Dr. Joel Anderson has written a second post critiquing my book "God Is: Exploring the Nature of the Biblical God". Below is my rebuttal.
Surprise! I don't actually have a rebuttal. Joel was pretty much in agreement with my conclusions in the "God is Self-Sufficient" chapter.
But I do want to add a couple of things.
Much of the "God is Self-Sufficient" chapter of my book centers around a discussion of God's perfection and why he would create anything if he is totally self-sufficient. In Christian literature, self-sufficiency seems to be one of the attributes defining perfection. However, I challenged the prevailing beliefs about perfection and Joel seemed to agree with that challenge.
The problem with humans discussing perfection is that we consider even ourselves imperfect, making mistakes fairly regularly. So, my question is, "Is it possible for imperfect people to recognize perfection given that our view of perfection is most likely imperfect?" In other words, can we humans even know what perfection entails? The perplexity of this simple question has profound implications.
Suppose a perfect person was born into this world, as it was claimed that Jesus Christ was. How would he be viewed? I think it obvious that a few would consider him to be perfect, others would see him as being slightly flawed, some would view him as just another flawed human that was no better or worse than any other human, and some might even consider him evil. And lo and behold, that is exactly how the responses to Jesus' life played out in the Gospels. But how could this be?
Simple. We all have a different idea of what constitutes perfection. But if this is so, how can we ever know who, if anyone, is perfect? The answer will be unsatisfactory to some. WE CAN'T! The only way to recognize perfection perfectly would be for there to exist some absolute standard of perfection of which everyone was aware.
Of course, some people claim that the God of their religion represents perfection. But there are many religions. The gods of each are different and incompatible. So, can they all be perfect? And within each religion there are many sects with differing views of the God they worship. This is even true on a congregational level. That being the case, whose view of God is the right one and thus the one pointing us to perfection? Who is qualified to make that determination?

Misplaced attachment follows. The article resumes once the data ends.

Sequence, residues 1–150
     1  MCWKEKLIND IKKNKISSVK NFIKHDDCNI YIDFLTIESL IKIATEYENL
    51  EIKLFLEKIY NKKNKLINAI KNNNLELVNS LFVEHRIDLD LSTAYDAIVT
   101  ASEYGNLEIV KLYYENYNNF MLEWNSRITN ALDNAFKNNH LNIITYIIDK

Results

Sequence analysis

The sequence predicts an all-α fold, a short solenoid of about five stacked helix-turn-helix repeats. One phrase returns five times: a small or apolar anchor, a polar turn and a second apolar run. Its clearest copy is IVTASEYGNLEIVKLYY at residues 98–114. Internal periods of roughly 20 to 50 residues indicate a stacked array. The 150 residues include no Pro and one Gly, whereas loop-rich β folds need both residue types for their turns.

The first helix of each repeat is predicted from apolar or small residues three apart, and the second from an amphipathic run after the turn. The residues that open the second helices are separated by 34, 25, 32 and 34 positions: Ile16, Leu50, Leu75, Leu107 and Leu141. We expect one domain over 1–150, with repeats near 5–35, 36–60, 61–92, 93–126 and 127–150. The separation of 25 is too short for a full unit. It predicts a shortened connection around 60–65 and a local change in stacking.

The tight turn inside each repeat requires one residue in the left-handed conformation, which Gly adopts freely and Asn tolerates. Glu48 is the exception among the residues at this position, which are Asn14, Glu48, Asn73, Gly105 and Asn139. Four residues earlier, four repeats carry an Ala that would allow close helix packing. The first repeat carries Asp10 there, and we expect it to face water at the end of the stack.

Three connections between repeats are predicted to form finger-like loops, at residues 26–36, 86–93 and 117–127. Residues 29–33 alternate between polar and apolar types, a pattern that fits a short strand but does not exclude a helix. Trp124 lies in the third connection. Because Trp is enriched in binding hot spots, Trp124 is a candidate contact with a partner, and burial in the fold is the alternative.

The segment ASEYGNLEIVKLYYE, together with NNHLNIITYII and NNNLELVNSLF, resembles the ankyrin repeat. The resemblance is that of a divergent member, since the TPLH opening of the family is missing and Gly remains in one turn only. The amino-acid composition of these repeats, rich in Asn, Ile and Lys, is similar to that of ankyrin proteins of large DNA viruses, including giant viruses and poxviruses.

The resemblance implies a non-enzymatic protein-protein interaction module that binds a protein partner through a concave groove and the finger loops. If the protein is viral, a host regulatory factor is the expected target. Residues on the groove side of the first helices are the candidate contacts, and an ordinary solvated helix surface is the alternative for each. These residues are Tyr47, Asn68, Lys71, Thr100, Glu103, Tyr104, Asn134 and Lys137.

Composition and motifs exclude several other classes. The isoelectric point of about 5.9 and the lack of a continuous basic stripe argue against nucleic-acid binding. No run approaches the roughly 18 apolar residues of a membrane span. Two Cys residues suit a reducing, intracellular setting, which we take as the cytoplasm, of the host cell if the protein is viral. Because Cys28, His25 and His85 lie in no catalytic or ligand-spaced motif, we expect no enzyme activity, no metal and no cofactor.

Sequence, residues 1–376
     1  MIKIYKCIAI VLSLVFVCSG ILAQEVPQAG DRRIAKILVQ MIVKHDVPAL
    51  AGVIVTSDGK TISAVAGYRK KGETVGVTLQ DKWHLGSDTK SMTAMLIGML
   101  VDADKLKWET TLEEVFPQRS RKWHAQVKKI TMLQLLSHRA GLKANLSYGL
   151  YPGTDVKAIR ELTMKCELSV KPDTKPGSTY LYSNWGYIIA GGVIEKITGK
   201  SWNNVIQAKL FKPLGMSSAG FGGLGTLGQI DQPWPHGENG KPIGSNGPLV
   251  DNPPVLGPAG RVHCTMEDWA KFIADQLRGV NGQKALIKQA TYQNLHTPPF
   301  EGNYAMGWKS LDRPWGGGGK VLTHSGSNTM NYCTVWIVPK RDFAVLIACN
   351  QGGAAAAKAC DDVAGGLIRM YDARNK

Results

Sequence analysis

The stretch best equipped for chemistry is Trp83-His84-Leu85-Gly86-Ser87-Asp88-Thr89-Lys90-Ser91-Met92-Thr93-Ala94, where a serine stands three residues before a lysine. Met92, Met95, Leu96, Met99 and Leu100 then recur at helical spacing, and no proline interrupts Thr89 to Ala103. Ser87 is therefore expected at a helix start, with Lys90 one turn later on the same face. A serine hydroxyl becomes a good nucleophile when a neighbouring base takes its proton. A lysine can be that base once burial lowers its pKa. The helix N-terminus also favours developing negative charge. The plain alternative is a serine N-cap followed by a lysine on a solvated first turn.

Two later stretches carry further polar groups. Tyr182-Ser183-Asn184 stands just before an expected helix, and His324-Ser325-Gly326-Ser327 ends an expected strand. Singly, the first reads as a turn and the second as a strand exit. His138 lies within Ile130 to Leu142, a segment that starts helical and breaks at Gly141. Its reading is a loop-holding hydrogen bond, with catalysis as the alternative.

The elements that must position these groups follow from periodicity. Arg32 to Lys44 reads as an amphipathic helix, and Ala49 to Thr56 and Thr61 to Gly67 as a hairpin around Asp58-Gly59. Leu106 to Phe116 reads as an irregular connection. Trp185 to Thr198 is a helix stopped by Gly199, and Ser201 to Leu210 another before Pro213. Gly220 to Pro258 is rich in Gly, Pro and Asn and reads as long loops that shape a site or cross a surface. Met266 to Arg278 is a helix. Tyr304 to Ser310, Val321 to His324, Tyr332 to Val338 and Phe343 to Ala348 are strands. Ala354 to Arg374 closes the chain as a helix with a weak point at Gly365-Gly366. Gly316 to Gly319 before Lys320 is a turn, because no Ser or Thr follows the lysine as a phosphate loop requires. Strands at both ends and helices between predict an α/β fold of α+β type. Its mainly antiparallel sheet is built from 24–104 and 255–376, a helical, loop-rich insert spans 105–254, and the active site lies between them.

All of the above assumes that God is indeed perfect. Most religions seem to believe this. For example, here's a quote from a recent "Questions Answered" from Bible Gateway: "Though the connection between God’s sovereignty and human freedom is mysterious from our perspective, we must remember that God is, by definition, completely good in his actions."
Where did this definition of God being completely good come from? Why is it necessary for God to always be good or perfect? Couldn't God be both good and bad and still be the creator of the Universe? And who gets to decide the answers to these questions?
If you haven't picked up on the real issue here, it's that the word "perfection" is a relative term like the word "cold". You can have a group of people in the same room at the same temperature and humidity and some would say it was warm, some would say it was cool, and some would say it was cold. Who's right? They all are. That's because "cold" is a term that relates how individual bodies respond to air temperature and humidity. Well, "perfection" is similar. Each person has a different view of perfection based on a combination of genetics and life experiences. Fortunately, there are some aspects of perfection that an overwhelming majority of people agree on. This allows us to live together as a community and a nation with laws that restrict certain imperfect behaviors.
That's all I have for now. There will probably be more discussion about this matter as Joel critiques additional chapters of my book.